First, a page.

These churches with burials from the colonial era tend to be Episcopal, Presbyterian, and Dutch Reformed although clearly there are other denominations involved as well. The newer Methodist and Quaker religions date later as do most Catholic cemeteries. From these churches with their graveyards, one can tell the story of a community as remains true today.
But then something happened which rendered church burials inadequate: the population grew and became middle class. Plus not everyone belonged to a church or had a farm. The result was the creation of something brand new in America: cemeteries, that is, burial places not attached to church. These cemeteries weren’t just separate plots of land, they were rural cemeteries and they represented a change in American history. In 1847, the New York State Legislature passed the Rural Cemetery Act to authorize burial in these new organizations.
Rural cemeteries were more than a place where the burgeoning population could be buried. They were contoured landscapes where the living could have a spiritually renewed experience in the presence of the headstone of the departed. Brooks would babble, springs would flow, and gentle waves of the land would serenely envelope the living. As people sought more in life for their homes, so they sought more for their eternal resting place. The sublime experience wasn’t limited to Hudson River Art painters but was available to the ordinary family who could now spend a Sunday amidst a tranquil setting brought to them by the kind of people who would later design Central Park.
The Rural Cemetery movement swept through New York with great speed. From Brooklyn to Troy and westward, these islands of serenity were places people wanted to visit while alive and be buried in when dead. For example, a few blocks north of the White Plains Presbyterian Church is the White Plains Rural Cemetery. Adjacent to the Dutch Reformed Church Burial Ground in Sleepy Hollow is the Sleepy Hollow (Rural) Cemetery where Washington Irving is buried. The Fishkill Rural Cemetery is also only a few blocks from Trinity Church. In Poughkeepsie and Troy, the rural cemeteries hug the Hudson providing often spectacular views even before bridges and the Capital Plaza were built. At the Albany Rural Cemetery, Peter Hess can tell a story about every grave the same way Hugh MacDougall can about every house in Cooperstown.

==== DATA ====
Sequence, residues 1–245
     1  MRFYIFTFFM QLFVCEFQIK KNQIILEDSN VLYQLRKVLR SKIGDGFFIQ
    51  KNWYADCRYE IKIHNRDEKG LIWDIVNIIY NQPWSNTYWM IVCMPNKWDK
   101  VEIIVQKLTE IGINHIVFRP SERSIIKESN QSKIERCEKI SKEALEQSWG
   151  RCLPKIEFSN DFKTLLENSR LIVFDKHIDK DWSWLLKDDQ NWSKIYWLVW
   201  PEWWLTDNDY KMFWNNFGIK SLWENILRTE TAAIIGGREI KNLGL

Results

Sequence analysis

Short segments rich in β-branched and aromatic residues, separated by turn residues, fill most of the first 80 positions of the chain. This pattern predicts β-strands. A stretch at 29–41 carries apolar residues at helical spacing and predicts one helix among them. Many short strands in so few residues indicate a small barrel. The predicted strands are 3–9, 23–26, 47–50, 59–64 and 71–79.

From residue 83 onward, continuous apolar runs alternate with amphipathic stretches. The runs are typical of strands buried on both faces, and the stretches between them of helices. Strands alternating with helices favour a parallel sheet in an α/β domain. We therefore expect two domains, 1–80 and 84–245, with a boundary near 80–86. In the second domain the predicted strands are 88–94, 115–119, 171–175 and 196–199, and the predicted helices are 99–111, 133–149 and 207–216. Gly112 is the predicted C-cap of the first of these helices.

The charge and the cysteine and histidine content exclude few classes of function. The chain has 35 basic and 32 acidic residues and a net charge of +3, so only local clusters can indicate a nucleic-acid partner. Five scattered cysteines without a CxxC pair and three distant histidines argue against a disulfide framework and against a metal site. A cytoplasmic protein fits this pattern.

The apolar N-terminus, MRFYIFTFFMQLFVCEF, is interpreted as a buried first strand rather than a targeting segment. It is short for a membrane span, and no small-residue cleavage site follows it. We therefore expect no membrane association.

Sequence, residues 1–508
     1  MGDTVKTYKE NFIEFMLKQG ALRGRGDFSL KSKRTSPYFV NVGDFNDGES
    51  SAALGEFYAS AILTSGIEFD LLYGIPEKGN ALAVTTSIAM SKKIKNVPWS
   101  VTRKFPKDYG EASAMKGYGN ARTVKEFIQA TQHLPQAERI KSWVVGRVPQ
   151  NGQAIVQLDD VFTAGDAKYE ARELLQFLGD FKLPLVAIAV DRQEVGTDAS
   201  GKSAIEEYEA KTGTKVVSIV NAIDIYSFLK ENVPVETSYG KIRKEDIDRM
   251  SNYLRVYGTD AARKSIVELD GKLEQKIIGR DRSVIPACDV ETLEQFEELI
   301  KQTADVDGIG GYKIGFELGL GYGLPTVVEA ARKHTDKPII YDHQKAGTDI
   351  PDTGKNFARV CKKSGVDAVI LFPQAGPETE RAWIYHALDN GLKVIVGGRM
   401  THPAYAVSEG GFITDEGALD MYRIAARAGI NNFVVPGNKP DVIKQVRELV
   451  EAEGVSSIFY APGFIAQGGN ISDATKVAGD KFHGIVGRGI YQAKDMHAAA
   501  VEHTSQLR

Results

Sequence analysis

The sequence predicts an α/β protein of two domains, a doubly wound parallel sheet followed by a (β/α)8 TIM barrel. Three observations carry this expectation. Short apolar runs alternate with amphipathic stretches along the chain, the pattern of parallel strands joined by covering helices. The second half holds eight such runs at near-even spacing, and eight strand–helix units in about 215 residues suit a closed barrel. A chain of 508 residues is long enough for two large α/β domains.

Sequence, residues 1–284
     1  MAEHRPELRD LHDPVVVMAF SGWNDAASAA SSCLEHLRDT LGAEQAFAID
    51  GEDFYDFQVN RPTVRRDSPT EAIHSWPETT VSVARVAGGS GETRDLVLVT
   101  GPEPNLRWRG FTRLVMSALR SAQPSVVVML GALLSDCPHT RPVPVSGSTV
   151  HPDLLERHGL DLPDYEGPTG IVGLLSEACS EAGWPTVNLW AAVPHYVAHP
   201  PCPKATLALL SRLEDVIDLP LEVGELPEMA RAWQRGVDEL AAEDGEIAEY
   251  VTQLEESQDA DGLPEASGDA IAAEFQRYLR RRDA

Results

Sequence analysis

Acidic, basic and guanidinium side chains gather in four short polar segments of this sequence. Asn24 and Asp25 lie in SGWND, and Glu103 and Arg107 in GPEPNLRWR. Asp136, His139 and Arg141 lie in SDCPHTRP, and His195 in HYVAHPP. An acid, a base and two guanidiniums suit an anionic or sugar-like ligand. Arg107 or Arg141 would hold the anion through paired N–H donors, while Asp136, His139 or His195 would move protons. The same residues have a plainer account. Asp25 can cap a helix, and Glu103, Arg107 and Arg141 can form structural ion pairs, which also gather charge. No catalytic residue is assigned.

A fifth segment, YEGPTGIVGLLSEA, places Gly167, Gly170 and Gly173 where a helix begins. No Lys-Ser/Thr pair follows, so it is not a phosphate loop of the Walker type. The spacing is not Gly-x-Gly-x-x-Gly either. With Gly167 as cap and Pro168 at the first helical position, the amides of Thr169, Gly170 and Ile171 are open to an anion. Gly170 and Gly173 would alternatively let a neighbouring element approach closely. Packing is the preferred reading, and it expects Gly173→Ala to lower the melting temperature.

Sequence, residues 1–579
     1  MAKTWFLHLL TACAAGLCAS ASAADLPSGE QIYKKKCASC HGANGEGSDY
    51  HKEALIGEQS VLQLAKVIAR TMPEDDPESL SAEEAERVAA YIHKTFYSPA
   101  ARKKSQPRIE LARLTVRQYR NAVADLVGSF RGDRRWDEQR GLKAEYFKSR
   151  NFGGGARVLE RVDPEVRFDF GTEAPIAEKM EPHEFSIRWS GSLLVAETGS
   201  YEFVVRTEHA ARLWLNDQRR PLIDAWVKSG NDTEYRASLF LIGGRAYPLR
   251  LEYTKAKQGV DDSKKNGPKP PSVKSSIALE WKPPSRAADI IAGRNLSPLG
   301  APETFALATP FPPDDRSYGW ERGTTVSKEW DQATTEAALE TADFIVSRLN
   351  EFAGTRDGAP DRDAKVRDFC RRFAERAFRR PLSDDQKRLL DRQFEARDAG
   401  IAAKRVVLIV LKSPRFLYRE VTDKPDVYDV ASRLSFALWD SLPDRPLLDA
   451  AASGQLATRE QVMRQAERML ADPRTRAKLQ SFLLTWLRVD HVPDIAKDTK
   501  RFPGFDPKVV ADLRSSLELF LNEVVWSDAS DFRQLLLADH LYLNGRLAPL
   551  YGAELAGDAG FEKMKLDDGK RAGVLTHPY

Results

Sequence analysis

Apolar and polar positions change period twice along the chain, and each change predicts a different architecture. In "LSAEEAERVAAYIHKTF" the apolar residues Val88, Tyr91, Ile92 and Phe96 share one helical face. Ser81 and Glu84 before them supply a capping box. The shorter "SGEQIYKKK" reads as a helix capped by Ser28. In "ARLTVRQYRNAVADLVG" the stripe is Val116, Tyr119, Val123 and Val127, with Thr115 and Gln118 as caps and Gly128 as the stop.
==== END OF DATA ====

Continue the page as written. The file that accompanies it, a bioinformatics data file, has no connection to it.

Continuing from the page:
These cemeteries naturally are terrific locations for Halloween. The Sleepy Hollow tour as one would expect sells out quickly; APHNYS president Gerry Smith participates in the tour in Binghamton although he has not yet made it a requirement for all municipal historians to do so!
On several occasions, IHARE has had programs bringing teachers to rural cemeteries throughout the Hudson Valley including many of the ones mentioned in this post. In Albany, Poughkeepsie, and Schenectady, we arranged for trolleys/buses to drive us around while in Troy we drove. In Sleepy Hollow we walked and didn’t see most of the grounds. As reported in a previous post, one professor uses cemeteries to teach social history. One can learn a lot by seeing dead people…or at least where they are buried.
Once there was an association of some kind for these cemeteries. I don’t know how active it is but clearly they are part of the history of America from the 1830s on. There is a New York State Association of Cemeteries based in Albany which at some point should be invited to participate in the discussions on the New York History Commission. A search for rural cemetery on the Path Through History website calls up U.S. Presidents, because one is buried at the Albany Rural Cemetery, and Natural History, for reasons I can’t discern. It would appear that according to ILoveNY the rural cemetery movement has disappeared from tourism as it has from the curriculum.
Above: Hebron Cemetery in Washington County (photo by John Warren); below, Green-Wood Rural Cemetery in Brooklyn (courtesy Wikimedia user David Shankbone.